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Killing While Caring Nursing in the Nazi “Euthanasia” Program Susan Benedict, CRNA, DSN, FAAN Medical University of South Carolina.

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Presentation on theme: "Killing While Caring Nursing in the Nazi “Euthanasia” Program Susan Benedict, CRNA, DSN, FAAN Medical University of South Carolina."— Presentation transcript:

1 Killing While Caring Nursing in the Nazi “Euthanasia” Program Susan Benedict, CRNA, DSN, FAAN Medical University of South Carolina

2 First, the language of disability: People with disabilities… People with disabilities… People with developmental disabilities… People with developmental disabilities… Many terms used are those of the time and are not acceptable today. Many terms used are those of the time and are not acceptable today.

3 “A history of mental illness”… is as non-specific as “a history of physical illness”. is as non-specific as “a history of physical illness”.

4 Anna G: Accused of killing 150 patients… “When giving the [lethal] medicine, I proceeded with a lot of compassion. I took them lovingly and stroked them when I gave the medicine. They were not to be tortured more than necessary.”

5 Steps to the “Final Solution” Devaluation and generalization Devaluation and generalization Sterilization Sterilization Euthanasia Euthanasia Concentration camps Concentration camps

6 How could this happen? Eugenics Eugenics

7 Passed in 1922, the US Model Eugenical Sterilization Law applied to Feeble-minded Insane (including the psychopathic) Criminalistic (including the delinquent and wayward) Epileptic Inebriate (including drug users) Diseased (including the tuberculosis, the syphilitic, the leprous, and others with chronic, infections, and legally segregable diseases Blind (including those with seriously impaired vision) Deformed (including the crippled) Dependent (including orphans, ne’er-do-wells, the homeless, tramps and paupers.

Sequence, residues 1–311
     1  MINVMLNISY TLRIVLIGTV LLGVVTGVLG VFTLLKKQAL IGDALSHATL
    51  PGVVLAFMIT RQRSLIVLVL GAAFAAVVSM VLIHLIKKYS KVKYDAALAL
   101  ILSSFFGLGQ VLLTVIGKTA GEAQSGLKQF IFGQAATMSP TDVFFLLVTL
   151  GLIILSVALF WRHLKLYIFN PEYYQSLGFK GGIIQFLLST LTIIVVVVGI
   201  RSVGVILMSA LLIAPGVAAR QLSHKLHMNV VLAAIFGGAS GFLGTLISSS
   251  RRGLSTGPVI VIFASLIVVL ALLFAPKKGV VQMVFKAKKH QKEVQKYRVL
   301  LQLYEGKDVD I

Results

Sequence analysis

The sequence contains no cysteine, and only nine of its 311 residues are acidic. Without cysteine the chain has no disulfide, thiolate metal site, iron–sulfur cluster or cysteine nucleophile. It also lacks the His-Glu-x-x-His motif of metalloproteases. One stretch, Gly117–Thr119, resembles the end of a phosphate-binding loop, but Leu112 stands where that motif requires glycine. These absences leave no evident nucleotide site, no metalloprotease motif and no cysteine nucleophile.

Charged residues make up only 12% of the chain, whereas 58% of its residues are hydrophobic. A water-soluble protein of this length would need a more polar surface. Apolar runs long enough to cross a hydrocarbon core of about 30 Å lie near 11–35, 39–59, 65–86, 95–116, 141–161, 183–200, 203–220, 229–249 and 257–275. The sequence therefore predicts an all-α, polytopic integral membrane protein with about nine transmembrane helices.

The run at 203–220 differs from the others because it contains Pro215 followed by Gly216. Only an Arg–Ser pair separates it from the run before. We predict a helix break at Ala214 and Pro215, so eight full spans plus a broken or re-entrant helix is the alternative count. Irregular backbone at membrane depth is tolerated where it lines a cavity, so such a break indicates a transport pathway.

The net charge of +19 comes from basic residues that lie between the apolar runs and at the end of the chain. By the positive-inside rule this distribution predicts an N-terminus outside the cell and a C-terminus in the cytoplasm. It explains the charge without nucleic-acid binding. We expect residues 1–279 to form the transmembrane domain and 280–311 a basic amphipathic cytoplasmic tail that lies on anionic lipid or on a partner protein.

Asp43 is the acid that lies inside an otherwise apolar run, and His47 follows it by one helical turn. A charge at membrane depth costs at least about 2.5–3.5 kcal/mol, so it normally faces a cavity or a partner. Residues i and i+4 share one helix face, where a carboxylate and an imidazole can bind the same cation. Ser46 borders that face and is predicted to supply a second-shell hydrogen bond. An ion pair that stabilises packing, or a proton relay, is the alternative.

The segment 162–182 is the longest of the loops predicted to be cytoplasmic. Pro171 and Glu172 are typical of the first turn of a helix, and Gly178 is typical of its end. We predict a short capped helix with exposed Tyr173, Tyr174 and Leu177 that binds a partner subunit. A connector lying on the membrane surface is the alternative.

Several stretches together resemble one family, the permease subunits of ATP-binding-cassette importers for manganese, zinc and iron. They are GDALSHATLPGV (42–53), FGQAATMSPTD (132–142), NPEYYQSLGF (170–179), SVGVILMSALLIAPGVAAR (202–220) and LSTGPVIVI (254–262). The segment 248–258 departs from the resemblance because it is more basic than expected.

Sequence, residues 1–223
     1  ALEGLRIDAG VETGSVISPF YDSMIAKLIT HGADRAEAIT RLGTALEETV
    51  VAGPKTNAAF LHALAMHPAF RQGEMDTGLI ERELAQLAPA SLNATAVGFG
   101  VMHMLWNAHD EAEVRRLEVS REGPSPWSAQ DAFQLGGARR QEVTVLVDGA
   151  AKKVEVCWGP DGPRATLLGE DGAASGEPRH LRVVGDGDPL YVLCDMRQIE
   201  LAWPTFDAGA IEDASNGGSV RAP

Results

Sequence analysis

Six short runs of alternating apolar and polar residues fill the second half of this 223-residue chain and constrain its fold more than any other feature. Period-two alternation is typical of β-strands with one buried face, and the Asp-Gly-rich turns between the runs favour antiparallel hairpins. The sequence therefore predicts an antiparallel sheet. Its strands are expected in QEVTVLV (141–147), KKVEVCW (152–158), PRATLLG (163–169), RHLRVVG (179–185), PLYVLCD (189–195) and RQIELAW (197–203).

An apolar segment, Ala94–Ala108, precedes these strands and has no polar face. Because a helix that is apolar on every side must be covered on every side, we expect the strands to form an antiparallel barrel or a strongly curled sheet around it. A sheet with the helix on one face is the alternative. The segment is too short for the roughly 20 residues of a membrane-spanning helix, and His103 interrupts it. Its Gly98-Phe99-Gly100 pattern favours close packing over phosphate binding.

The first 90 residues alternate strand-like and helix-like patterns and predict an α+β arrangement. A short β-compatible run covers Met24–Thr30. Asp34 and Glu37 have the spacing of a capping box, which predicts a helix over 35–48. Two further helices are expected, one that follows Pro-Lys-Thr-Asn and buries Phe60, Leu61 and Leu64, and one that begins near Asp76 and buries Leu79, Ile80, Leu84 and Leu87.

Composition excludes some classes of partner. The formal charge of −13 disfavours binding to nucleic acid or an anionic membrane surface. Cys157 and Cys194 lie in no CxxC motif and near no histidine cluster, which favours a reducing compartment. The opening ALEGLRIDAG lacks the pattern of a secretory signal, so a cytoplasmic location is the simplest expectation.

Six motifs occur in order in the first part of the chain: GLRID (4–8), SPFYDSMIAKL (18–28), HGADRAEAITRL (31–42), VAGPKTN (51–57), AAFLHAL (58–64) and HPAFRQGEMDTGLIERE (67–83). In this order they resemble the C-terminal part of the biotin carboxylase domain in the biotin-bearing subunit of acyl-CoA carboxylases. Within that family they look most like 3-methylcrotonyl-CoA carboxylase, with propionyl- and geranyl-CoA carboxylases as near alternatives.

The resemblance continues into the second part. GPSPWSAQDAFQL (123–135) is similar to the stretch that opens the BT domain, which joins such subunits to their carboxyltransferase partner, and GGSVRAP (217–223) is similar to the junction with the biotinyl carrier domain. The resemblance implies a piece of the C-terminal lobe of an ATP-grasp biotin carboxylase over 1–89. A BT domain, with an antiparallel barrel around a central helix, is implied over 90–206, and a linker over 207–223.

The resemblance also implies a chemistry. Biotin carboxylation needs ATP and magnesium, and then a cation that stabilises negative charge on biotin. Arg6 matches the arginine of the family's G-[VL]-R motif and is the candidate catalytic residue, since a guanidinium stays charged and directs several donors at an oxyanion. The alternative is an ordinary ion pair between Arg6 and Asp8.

8 Eugenics also popular in US Courses taught at Courses taught at Columbia University Columbia University Brown University Brown University Northwestern University Northwestern University Harvard University Harvard University Cornell University Cornell University University of Wisconsin University of Wisconsin

9 In 1925, in “Mein Kampf” Hitler wrote… “Those who are physically and mentally unhealthy and unworthy must not perpetuate their suffering in the body of their children.” “Those who are physically and mentally unhealthy and unworthy must not perpetuate their suffering in the body of their children.”

10 July 1933: Germany’s sterilization law passed Hereditary epilepsy Schizophrenia Mental deficiency Huntington’s chorea Hereditary blindness and deafness Certain malformations Severe alcoholism

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12 More than 350,000 people were sterilized in Germany More than 350,000 people were sterilized in Germany

13 Examples in textbooks Examples in textbooks Courses in nursing and medical schools Courses in nursing and medical schools Racial hygiene a component of all education Racial hygiene a component of all education Education

14 1935 Textbook Problem 95 Problem 95 The construction of an insane asylum requires 6 million RM. How many housing 15,000 RM could be built for the amount spent on insane asylums?

15 Socialization Posters depicting people with handicaps Posters depicting people with handicaps Movies Movies

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19 Sterilizaton to “Euthanasia” Binding and Hoche, 1920: Binding and Hoche, 1920: The right to live must be earned. The right to live must be earned. Destroying “lives not worth living” would be humane. Destroying “lives not worth living” would be humane. Elimination not a crime but permissible and beneficial Elimination not a crime but permissible and beneficial